A 2-month-old girl died after being left inside of a vehicle for five hours in Kingman on Monday when temperatures reach more than 100 degrees, police said.
The 21-year-old father left the baby in the vehicle and went inside his home at about 11:15 a.m., taking a nap and a shower before realizing the infant had not been brought in, Kingman police Lt. Rusty Cooper said.
“It’s a terrible, terrible thing,” Cooper said.
The car was parked in the driveway and the child was in a baby seat. When the father reached the baby, she was unresponsive.
The father called 911 at about 4:20 p.m. He removed the baby from the car and attempted CPR with the help of the 911 operator.
Paramedics arrived to the residence, in the 3200 block of Calumet Avenue, and took the baby to a Kingman hospital.
The baby was pronounced dead at the hospital from heat exposure.
Police estimate the temperature inside the vehicle exceeded 115 degrees while the baby was in the vehicle. When officers arrived, the doors of the vehicle were open and the temperature was measured at 102 degrees.
The baby’s internal temperature was measured at 108 degrees at the hospital, 30 or 40 minutes after she was pulled from the car, Cooper said.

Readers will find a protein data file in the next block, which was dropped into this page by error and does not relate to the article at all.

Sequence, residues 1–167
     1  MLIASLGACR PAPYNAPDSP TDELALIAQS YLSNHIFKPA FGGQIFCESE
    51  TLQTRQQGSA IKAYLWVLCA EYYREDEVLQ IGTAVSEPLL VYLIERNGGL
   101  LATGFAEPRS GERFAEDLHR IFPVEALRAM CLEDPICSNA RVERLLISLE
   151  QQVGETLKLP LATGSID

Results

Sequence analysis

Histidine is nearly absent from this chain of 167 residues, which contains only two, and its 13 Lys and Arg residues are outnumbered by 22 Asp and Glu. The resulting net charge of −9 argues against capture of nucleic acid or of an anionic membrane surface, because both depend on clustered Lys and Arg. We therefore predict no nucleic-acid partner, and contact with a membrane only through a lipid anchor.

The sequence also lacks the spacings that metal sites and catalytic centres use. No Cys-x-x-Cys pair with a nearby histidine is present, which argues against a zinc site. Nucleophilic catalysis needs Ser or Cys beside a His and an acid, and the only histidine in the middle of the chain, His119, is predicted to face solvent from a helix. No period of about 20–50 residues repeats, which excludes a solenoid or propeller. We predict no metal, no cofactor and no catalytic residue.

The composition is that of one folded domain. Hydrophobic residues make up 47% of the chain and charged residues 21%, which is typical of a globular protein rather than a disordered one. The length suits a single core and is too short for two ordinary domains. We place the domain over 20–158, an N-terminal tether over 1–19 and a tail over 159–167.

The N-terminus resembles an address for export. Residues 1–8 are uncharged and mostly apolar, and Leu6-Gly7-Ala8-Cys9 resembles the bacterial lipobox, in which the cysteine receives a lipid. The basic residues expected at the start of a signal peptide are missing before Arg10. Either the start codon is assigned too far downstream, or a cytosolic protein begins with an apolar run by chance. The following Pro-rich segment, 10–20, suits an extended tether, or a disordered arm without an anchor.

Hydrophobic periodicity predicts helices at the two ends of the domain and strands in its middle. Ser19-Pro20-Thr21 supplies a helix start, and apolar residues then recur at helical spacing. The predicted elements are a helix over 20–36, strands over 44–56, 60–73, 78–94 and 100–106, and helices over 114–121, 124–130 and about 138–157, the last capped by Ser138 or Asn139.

There is no indication that alcohol or drugs played a factor, Cooper said. The Mohave County Attorney’s Office will review the case to determine whether the father face charges. The 19-year-old mother of the baby and girlfriend of the father was at work at the time.
Cooper, who has worked in the police department for 19 years, said he could not recall any similar heat deaths happening this late in the year.
Last month, there was another case in Kingman where a father left his baby in a vehicle while he shopped in a supermarket, Cooper said. The baby did not die. The father was booked into a jail and charges were filed.
Erin Kuroiwa, child passenger-safety coordinator with Phoenix Children’s Hospital, said that children left in cars die throughout the year, even in temperate climates.
“We can be at risk all year round,” Kuroiwa said. “In the summer, obviously, we have higher numbers than the other months.”
Three children have died in the state this year, and there have been 46 documented cases of children dying in hot cars nationwide this year.
The children typically die of hyperthermia, often referred to as heat stroke, Kuroiwa said. Last year there were 33 deaths in hot cars nationwide. No children died in Arizona in 2009, Kuroiwa said.